Make the days count

Calendar holds many significant days for military families

Servicemembers compare the passage of days during a deployment to the movie “Groundhog Day,” in which actor Bill Murray is doomed to repeat the same day over and over again. At home, the absence of a pivotal member of the family can make the days feel shapeless, lacking the structure that makes a family schedule tick along. Days come and go, uneventful, stressful and significant alike. We might wish we could bypass a birthday or an anniversary or save it until deployment is done, but we can’t. Those days go by, celebrated or not.

The war has come to a formal end, but plenty of military families spent this past holiday season with a deployed parent or spouse. Perhaps they enjoyed togetherness with extended family or with military friends. Possibly they plowed through the celebrations with a determined smile.

Free, but not easy

Freedom of expression requires listening, discerning, and sometimes ignoring what is offensive

In military families we speak often of freedom, and we know what it costs. We’ve seen the price of liberty paid by those we know and love, but I wonder whether we can truly appreciate our freedom unless we’ve felt its absence. For those who have always had it, freedom is easy to overlook, as is the cost.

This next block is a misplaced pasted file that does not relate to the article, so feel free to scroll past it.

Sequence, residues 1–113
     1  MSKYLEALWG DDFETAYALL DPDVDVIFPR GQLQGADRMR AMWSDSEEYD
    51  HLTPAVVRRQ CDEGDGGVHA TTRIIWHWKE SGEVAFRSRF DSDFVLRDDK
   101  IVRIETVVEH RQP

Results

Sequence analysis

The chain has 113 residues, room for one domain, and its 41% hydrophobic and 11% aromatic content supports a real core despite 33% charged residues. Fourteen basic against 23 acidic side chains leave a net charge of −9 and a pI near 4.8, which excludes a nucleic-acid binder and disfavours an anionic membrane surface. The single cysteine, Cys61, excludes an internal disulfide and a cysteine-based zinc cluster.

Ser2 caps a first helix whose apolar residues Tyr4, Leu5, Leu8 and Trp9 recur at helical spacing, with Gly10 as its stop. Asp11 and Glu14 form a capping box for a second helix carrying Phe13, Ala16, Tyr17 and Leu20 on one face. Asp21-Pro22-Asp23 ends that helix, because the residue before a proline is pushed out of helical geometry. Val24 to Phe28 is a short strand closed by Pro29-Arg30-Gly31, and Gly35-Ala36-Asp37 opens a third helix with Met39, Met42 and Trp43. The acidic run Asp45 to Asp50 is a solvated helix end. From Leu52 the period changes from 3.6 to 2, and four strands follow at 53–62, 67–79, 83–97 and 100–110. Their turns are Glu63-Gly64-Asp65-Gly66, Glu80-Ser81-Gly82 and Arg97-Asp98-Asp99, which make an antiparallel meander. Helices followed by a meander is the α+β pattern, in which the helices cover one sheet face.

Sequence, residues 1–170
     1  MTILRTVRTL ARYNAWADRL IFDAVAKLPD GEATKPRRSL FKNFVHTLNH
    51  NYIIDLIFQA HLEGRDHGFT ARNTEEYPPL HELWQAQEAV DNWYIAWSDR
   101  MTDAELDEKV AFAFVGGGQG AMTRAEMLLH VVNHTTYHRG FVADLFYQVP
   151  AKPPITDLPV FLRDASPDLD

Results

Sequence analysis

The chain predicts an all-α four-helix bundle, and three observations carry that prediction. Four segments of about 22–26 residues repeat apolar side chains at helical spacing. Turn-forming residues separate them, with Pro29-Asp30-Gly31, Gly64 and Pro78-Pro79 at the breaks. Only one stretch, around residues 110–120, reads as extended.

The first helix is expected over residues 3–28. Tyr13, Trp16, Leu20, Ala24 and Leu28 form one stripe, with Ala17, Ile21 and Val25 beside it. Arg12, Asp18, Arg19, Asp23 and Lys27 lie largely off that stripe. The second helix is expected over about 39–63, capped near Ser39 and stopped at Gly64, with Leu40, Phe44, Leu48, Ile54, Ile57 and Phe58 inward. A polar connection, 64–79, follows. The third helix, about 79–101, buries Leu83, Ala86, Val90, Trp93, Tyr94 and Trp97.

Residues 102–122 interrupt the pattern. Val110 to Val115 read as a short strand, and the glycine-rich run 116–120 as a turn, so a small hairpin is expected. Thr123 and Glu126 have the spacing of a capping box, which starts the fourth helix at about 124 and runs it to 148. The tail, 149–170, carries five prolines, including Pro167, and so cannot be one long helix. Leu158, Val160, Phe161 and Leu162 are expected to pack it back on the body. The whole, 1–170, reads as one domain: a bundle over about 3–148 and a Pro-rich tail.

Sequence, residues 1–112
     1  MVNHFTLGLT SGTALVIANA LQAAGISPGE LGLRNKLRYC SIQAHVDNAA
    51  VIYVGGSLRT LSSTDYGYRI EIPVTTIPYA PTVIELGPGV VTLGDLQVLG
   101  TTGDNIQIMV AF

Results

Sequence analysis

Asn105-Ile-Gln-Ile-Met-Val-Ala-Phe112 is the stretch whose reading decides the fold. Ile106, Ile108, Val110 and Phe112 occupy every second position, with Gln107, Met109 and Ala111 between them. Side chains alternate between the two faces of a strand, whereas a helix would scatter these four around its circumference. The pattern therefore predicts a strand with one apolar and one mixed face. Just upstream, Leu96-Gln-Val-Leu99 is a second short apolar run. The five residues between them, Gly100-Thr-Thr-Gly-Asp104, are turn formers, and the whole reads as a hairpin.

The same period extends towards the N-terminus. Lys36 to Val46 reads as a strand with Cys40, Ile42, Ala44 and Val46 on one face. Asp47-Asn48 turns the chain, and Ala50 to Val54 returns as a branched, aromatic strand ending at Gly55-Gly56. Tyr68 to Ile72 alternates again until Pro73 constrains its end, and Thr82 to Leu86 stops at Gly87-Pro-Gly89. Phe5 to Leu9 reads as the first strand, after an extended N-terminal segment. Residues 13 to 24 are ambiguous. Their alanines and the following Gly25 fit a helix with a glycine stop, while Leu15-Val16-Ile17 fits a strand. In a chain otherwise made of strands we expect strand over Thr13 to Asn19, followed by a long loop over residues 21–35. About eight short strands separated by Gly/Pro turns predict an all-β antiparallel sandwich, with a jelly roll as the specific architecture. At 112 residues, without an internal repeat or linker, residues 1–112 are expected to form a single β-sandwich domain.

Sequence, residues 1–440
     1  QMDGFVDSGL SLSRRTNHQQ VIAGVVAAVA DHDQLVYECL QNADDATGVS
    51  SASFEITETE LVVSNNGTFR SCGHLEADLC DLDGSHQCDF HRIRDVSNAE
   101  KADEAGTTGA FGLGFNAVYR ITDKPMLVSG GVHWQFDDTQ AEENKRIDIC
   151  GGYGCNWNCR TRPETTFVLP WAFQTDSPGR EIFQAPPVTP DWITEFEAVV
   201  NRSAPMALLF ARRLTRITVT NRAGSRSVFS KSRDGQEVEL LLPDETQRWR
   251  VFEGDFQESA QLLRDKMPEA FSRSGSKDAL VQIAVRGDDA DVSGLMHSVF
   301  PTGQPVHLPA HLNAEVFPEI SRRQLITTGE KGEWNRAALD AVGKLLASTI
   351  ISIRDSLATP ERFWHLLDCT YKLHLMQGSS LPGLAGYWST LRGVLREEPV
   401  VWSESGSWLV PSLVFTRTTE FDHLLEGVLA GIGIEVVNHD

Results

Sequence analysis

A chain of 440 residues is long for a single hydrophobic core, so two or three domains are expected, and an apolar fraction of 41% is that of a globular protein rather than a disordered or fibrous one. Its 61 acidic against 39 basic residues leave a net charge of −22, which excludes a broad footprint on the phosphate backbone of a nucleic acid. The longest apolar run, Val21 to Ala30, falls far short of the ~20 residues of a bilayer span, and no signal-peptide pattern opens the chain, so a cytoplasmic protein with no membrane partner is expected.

As Americans, we’re allowed to worship, speak, live and act as we choose. The Declaration of Independence says our creator endowed us with the rights to life, liberty and the pursuit of happiness. We hold these truths to be self-evident, but when Thomas Jefferson wrote about them, “these truths” were radical. The signers of the Declaration were revolutionary in every sense of the word. More than 200 years later, these truths have become commonplace — perhaps until the recent terrorist attack in Paris. Our freedoms, particularly free expression granted by the First Amendment to the Constitution, have fresh meaning.